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Fisker Automotive Chooses Delaware as Location to Build Plug-in Hybrid Cars

Former GM plant in Wilmington will be refurbished and retooled; production slated to begin in late 2012.

Fisker Automotive announced on Tuesday its intent to purchase a dormant assembly plant in Wilmington, Del., to build plug-in hybrid cars.

The privately owned manufacturer has signed a letter of intent with Motors Liquidation Co., formerly known as General Motors Corp., to purchase the facility for $18 million after a four-month evaluation period, Fisker Automotive announced. An additional $175 million will be spent to refurbish and retool the factory, with production scheduled to begin in late 2012.

The Wilmington plant advances Fisker Automotive's Project NINA, which the company describes as the development and manufacture of an affordable, family-oriented plug-in hybrid sedan costing about $39,900 after federal tax credits. Fisker Automotive said Project NINA will ultimately create or support 2,000 factory jobs by 2014, with production capacity growing to 75,000 to 100,000 vehicles per year.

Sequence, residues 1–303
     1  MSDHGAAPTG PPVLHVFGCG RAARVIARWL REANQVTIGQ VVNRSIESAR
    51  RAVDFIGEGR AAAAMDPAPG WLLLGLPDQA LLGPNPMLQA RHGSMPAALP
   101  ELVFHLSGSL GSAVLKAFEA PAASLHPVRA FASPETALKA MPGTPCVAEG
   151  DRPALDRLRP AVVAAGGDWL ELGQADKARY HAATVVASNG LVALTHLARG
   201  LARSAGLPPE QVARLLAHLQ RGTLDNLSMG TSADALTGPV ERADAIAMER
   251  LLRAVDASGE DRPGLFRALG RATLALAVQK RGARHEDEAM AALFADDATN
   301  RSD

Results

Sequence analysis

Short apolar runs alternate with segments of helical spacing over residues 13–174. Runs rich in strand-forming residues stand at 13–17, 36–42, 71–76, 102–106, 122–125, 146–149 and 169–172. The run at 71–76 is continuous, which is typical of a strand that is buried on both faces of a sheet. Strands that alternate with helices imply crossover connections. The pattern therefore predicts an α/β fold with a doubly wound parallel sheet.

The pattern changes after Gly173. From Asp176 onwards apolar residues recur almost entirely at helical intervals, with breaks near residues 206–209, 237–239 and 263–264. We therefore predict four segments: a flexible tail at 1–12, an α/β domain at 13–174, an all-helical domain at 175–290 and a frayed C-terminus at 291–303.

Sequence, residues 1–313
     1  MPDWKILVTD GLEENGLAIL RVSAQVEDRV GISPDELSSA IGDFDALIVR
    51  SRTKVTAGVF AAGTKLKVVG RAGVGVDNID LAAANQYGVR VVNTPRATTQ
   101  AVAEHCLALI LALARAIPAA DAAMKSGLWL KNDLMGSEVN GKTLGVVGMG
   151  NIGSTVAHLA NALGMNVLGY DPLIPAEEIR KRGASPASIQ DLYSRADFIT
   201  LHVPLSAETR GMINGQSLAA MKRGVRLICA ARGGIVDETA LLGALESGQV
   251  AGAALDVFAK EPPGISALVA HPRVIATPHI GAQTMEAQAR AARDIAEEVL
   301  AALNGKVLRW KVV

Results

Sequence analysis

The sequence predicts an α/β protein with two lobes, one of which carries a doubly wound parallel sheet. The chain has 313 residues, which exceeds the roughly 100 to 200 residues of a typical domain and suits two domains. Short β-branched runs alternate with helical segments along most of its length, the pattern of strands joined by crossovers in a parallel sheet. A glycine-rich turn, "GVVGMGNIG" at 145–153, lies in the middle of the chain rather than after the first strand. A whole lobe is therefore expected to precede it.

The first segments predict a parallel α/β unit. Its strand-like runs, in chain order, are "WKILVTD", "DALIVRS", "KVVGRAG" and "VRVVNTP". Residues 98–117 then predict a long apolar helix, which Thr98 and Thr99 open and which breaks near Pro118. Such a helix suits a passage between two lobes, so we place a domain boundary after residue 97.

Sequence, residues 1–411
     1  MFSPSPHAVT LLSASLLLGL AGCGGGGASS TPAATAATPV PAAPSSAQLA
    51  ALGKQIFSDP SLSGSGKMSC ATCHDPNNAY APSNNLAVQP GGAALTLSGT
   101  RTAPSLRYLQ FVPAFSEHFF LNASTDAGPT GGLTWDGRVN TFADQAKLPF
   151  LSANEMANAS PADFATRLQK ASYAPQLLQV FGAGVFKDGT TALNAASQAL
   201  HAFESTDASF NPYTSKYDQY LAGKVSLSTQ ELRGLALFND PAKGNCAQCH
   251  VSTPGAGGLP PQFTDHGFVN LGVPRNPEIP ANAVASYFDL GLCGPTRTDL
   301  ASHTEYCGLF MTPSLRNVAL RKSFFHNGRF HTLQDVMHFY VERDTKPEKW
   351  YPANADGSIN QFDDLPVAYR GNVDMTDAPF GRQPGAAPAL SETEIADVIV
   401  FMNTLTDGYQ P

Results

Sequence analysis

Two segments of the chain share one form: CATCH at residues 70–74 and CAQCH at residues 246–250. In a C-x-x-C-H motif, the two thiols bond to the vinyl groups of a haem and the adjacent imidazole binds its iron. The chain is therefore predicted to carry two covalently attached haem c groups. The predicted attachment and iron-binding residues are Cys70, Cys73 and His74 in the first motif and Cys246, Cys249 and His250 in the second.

Funds for the Wilmington plant come from a $528.7 million conditional loan awarded to the company in September from the Department of Energy, Fisker Automotive said.

The Wilmington assembly plant was built by GM in 1947 and has expanded over the years to 3.2 million square feet on 142 acres of land. It includes an on-site powerhouse and a waste water treatment facility. Its size, production capacity and access to transportation were cited as important site selection criteria.

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